The Lawyer Asia Pacific 150 is the only research report to provide a ranking of the top 100 independent local firms and top 50 global firms in the region. The report offers critical review of some of the fastest growing firms and their strategies, a country-by-country guide to leading legal advisers and legal services market trends, plus exclusive insight into the current business development opportunities in the Asia Pacific. Read more
This year, The Lawyer’s annual ranking of the largest UK law firms by turnover is available as an interactive, digital benchmarking tool. For the first time this will allow you to manipulate each data set against the metrics of your choice.
For a while there it looked like Ashurst would get away with just the fallout from its war on real estate and energy.
The perception that senior management considered anything other than corporate and finance as peripheral was reinforced when the firm shifted six real estate partners and three in energy, transport and infrastructure down its infamous lockstep, despite the supposed centrality of energy to its Australasian push and infrastructure to its US business.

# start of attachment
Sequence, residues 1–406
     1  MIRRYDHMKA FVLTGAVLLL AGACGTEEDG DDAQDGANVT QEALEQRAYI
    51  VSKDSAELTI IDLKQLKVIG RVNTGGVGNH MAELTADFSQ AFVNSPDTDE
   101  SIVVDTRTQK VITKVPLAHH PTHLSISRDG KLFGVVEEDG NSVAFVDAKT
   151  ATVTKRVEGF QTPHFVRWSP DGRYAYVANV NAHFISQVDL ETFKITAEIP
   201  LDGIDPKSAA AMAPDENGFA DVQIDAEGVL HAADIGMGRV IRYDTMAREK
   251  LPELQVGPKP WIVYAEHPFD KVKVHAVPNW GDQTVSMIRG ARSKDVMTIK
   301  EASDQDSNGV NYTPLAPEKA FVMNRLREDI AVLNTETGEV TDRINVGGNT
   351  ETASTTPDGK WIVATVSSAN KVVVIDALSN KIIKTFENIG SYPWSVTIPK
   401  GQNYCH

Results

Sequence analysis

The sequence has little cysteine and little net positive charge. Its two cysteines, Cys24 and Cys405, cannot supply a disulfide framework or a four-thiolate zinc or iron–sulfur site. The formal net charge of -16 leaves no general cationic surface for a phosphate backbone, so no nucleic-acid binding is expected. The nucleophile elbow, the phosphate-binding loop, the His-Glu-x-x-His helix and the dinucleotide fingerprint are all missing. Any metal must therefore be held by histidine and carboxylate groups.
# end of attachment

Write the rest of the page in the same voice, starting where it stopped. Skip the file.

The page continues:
Cue the exodus of real estate partners Simon Cookson, construction partner Marc Hanson, energy partners Anthony Patten and Louise Eccleston and, this week, real estate funds partners David Evans and Samantha Lake Coghlan.
But now it’s clear other parts of Ashurst are to be slimmed down too. Today’s news is that litigation head Michael Madden and fellow disputes partners Wilson Thorburn and Arundel McDougall are leaving. Madden’s destination is not yet announced, while Thorburn is joining JPMorgan as EMEA litigation head (see story).
Ashurst senior partner Charlie Geffen is known for his obsession with improving remuneration systems and his ruthless take on ironing out sources of unprofitability in the firm. What form the lockstep will take when Ashurst merges with Aussie firm Blake Dawson next March is a source of eager anticipation among Geffen’s fellow hawks outside the firm.
It had once seemed that Ashurst’s job was to get Blakes into line to make sure profitability is matching. Maybe it’s the other way round?